While investigating leaf rollers and leaf miners as a part of our ongoing nature studies, we came upon a video on YouTube that perplexed me. Ten years ago (eeek, has it really been that long?) I had the remarkable opportunity to take part in an Earthwatch expedition to Ecuador, Rainforest Caterpillars. The focus of our assignment was on parasitism in caterpillars and while I am by no means an expert, I consider myself an insect enthusiast and can identify which insect order most specimens belong.
[ Edited :: This video has since been removed and I have been unable to find it – or a substitute.]
This video intrigued me because one of the things we did while in the field was ‘torment’ the caterpillars we found. Essentially, we would do this by gently petting them with a small paint brush and pinching them carefully with a pair of tweezers (enough to get a reaction but not to harm). We would then record their behavior or reaction to the stimuli. We did this to get a general idea of how the different species would defend themselves and observed a wide variety of behaviors including thrashing about, rearing up and attempting to bite the attacker (that would be us), as well as and most amusing,kicking frass at us.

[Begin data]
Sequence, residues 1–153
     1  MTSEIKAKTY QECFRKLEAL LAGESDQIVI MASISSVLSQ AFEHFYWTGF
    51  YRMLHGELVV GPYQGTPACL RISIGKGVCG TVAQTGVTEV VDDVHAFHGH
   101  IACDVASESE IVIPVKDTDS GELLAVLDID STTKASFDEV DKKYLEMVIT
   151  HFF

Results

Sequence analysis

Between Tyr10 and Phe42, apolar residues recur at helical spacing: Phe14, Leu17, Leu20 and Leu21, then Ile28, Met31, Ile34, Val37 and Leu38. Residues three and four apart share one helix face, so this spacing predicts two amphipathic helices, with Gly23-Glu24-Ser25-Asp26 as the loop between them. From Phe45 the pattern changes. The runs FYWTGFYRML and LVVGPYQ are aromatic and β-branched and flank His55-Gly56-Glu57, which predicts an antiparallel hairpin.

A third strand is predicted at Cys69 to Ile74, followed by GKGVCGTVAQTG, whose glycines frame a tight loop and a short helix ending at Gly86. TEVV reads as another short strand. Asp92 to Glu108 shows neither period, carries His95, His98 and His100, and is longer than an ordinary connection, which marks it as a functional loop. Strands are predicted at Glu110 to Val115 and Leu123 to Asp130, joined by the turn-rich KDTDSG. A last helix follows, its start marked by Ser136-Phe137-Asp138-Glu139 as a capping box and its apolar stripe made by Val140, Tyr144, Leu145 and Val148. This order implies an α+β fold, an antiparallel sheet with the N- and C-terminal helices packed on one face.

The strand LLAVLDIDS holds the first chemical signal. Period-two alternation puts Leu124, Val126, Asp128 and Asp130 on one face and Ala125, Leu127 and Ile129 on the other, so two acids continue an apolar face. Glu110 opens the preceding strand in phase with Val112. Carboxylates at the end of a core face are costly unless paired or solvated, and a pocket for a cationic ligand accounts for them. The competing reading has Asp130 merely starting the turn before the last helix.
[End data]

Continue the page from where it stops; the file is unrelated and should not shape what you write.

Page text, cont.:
The premise, as you’ll see when you watch the video, is that the caterpillars behave this way because they have been parasitized by a wasp and their behavior is not altered or controlled by the wasp. I didn’t think this was exactly the case. I thereby contacted the lead scientist with whom I worked and inquired about the validity of the video. His response confirmed my suspicion:
“This braconid genus, Glyptapanteles, is one that we rear a lot in Ecuador from geometrids. The video that you saw, and the paper in PLOS one about this is not necessarily that common. More generally, parasites do change the behavior of their hosts to the benefit of the parasites, but thrashing is still a very effective defense for most caterpillars against a broad array of predators and parasitoids.” ~ Lee Dyer
For your educational entertainment, I include this video showing a Tobacco Hornworm, Manduca sexta, caterpillar infested with parasitoids. The Braconid wasp, Cotesia congregate, lays its eggs in the body of the caterpillar, also depositing a virus which is thought to prolong the larval stages and prevent molting to the pupal stage. When the wasp larvae are mature, they burrow out through the caterpillar’s skin and make white silken cocoons on the surface. In this video, two newly emerged wasp larvae are spinning their cocoons.